J Strategies Inc. started over dinner at a Thai restaurant in Syracuse. Now, a decade later, Julie Miner’s company has three offices — in Albany, New York City and Boston — with 20 employees and some major clients.
Miner said yes, but she hadn’t been thrilled about her options — she believed she was being offered less money than what her male counterparts were earning.
Venditti had a solution: What if they went out on their own, together?
Now, a decade later, J Strategies has three offices, 20 employees and some major clients.
You started J Strategies working out of Jaime Venditti’s house in Syracuse. Why did you move your business to Albany?
Within a few years, J Strategies was growing. We had grown our Albany business and had to be at the Capitol a lot. I decided to make the move.
We worked out of my house before we had this office. People were able to be comfortable. They didn’t care if they worked till 7 or 8 at night because they were sitting in a living room on their laptops. We were able to form an internal staff culture that mirrored Jaime’s and my relationship.
We went from that one employee [to] now we have about 20. We have offices in Albany, New York City and Boston.
We are a mix of alliance development, communications and media relations, and lobbying.
What are the ways that you might be interacting with one client?
We may have an initial meeting with a client and we talk about what is their issue of concern. If they have a piece of legislation they want passed, we say, “OK, we are going to map out the legislative targets that you have to interact with.” We’re also going to look at who influences those legislators. So, is it a chamber of commerce? Is it community groups? What kinds of people, what kinds of organizations are most influential to those legislators and most influential on this topic?
We put together coalitions. We produce letters of support. We do press conferences, lobby days, things like that.
You have some huge clients listed on your website: Bank of America, Churchill Downs, Pfizer, General Electric and more. How did you build that kind of client base?
We have pretty much built our business 100% on recommendations and word of mouth. We cold-called and recruited one client in the course of all of J Strategies. We don’t have contracts with some of those right now. We usually have 20 to 30 clients at a time.
How many people would you hire if you could find enough candidates to fill the jobs?
In Albany, we are always hiring, year-round, because we can’t fill positions fast enough. We’ve done that in New York City as well.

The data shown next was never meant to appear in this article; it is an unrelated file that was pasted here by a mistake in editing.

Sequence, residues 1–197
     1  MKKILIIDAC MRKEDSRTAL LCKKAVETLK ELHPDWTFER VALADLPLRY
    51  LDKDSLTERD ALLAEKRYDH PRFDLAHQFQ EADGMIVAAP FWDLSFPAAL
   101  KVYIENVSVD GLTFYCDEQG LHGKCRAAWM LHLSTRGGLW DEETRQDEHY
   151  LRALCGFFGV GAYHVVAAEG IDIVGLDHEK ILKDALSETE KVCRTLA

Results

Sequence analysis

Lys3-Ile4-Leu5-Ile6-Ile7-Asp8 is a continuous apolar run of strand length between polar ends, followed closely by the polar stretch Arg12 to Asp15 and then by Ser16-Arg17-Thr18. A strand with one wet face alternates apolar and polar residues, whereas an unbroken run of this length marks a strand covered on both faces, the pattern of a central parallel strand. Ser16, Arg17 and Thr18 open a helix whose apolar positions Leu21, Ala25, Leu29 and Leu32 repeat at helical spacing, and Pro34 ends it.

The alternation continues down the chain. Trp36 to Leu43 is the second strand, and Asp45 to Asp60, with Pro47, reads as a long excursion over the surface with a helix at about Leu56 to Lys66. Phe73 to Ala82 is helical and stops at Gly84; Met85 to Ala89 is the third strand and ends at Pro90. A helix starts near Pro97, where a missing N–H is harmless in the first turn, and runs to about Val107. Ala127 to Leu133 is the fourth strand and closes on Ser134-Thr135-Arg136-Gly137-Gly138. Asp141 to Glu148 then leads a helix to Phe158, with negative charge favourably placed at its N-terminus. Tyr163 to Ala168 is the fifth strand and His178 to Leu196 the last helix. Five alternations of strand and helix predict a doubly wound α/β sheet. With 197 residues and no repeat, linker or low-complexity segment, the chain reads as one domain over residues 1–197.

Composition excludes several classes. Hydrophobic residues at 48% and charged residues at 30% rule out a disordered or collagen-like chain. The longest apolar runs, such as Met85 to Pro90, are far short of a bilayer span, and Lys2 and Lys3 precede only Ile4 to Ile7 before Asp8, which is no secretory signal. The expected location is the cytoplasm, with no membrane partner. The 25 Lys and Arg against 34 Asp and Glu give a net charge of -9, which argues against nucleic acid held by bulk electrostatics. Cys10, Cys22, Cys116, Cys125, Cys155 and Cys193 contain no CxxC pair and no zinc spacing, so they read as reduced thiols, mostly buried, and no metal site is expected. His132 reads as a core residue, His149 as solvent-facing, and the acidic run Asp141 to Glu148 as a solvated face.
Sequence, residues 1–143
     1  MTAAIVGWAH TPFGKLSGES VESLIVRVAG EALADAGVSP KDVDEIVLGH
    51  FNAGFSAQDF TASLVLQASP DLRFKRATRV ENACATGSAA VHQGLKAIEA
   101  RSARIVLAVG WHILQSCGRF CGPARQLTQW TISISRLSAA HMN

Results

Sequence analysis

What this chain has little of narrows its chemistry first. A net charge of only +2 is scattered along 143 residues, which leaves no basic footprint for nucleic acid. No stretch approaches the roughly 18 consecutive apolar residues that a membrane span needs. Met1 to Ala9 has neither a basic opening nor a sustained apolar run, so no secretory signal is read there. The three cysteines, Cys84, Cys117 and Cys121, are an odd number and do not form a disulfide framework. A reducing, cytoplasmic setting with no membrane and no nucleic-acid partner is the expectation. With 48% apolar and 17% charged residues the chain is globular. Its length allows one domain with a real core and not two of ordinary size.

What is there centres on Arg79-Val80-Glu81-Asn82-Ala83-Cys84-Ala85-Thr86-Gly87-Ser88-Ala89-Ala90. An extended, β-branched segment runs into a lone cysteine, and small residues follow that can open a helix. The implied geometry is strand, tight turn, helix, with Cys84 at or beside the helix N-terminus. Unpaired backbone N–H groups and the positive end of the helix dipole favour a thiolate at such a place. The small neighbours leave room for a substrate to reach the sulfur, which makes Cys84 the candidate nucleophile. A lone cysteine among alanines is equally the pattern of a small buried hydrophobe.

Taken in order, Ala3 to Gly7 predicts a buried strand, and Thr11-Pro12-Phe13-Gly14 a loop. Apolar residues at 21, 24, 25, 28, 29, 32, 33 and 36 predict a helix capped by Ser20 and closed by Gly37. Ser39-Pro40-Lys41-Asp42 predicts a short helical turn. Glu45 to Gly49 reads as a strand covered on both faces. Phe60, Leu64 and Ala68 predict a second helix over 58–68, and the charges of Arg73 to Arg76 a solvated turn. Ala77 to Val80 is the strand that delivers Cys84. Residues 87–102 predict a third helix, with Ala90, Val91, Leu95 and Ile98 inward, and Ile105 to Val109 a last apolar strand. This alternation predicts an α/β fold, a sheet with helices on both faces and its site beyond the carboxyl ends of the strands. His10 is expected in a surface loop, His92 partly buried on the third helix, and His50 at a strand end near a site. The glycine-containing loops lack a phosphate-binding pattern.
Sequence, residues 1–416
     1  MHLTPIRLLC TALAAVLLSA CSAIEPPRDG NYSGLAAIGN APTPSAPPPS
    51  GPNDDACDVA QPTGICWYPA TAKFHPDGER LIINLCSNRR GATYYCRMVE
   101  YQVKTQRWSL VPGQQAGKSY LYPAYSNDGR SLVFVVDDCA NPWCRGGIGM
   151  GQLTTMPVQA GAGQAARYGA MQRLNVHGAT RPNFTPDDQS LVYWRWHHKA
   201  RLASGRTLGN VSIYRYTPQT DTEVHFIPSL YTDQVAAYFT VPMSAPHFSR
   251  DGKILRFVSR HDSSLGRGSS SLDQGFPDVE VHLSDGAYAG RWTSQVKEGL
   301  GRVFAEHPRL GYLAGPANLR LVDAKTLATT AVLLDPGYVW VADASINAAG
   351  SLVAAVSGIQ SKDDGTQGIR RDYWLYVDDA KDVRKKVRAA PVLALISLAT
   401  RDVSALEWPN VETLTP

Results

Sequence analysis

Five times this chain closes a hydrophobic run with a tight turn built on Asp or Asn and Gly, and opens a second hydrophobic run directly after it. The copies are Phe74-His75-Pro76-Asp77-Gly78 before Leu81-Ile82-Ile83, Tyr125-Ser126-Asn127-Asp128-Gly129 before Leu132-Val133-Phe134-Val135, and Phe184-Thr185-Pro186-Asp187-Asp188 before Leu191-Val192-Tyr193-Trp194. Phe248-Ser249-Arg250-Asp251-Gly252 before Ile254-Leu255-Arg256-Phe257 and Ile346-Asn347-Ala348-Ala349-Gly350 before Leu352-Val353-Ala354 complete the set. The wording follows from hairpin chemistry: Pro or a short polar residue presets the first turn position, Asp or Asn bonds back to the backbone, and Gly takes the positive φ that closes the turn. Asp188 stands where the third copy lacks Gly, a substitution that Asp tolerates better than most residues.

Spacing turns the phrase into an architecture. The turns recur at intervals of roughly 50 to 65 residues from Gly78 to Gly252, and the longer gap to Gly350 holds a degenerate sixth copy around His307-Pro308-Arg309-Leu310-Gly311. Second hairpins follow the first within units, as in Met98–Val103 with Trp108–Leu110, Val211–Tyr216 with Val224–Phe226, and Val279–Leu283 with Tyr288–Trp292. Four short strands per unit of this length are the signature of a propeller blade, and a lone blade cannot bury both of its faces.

Most of your employees are female. Do you find you’ve been able to recruit more women partly because of the benefits, like flexible schedules, you offer?
The flexibility has been huge. But I also think in recruiting women of a very high caliber, women in politics for years have been dealing with mansplaining. They have been dealing with not being paid equally. And they’ve been dealing with being marginalized and not having the same potential for growth, because people assume that they’re support staff. Jaime and I both dealt with that early in our careers.
We provide an environment that is merit-based, where they can grow, where we believe in them.
I think our challenge was finding more men.
What percent of your staff is male?
It’s gotta be a quarter.
What’s one specific thing people should watch out of this year’s legislative session?
One of the biggest things is going to be the legalization of marijuana. That’s going to be the first time we have a brand-new industry in New York. The legalization of marijuana will really change the dynamics in New York, not only in terms of criminal justice, but also with having a brand-new economy.
What has it been like to build your career here in the Capital Region?
I’ve loved it. I was a native of Connecticut. My mother’s family’s from the Syracuse area. Moving to Albany was awesome because I felt like I got the best of both worlds. I’m close to my Connecticut friends. I’m close to my Syracuse family, but also, the culture of the Capital Region is awesome. There’s so much to do. In the fall, I bought a house here.
You spend some of your time living in Brooklyn, too?
I am down there some weekends. I’m also down during the week for client things.
You are involved with Great Pyrenees rescues, among other charitable work with Big Brothers Big Sisters and Grassroots Givers. Tell me why you love that dog breed.
I’m an animal nut. [Great Pyrenees dogs] look like giant polar bears. They are beautiful, loving, sweet dogs. They’re a pretty tough breed to train. They’re independent, they’re smart, they’re stubborn.
There’s a lot of really sad stories among Pyrs. They’re a dog that there’s a ton of them in rescue.
I have a Great Pyrenees, Logan. He’s about three and a half. He travels everywhere with me, with my Lhasa. She’s about 15 pounds and gray, and he’s white, fluffy and 120 pounds. They come to Cape Cod with me. They come to New York. They can travel in hotels. They can go hiking. They’re really a big part of my life.
I am in the process of adopting another Pyr.
Title: Managing partner and CEO
Company: J Strategies Inc.
Grew up: Morris in Litchfield County, Connecticut
Resides: Albany and Brooklyn
Family: Eight nieces and nephews; mother; two dogs, a Great Pyrenees and a Lhasa Apso, and two cats
On the resume: Regional director for Sen. Chuck Schumer; political director for Empire State Regional Council of Carpenters
Education: Bachelor of Arts in political science from Syracuse University, 2006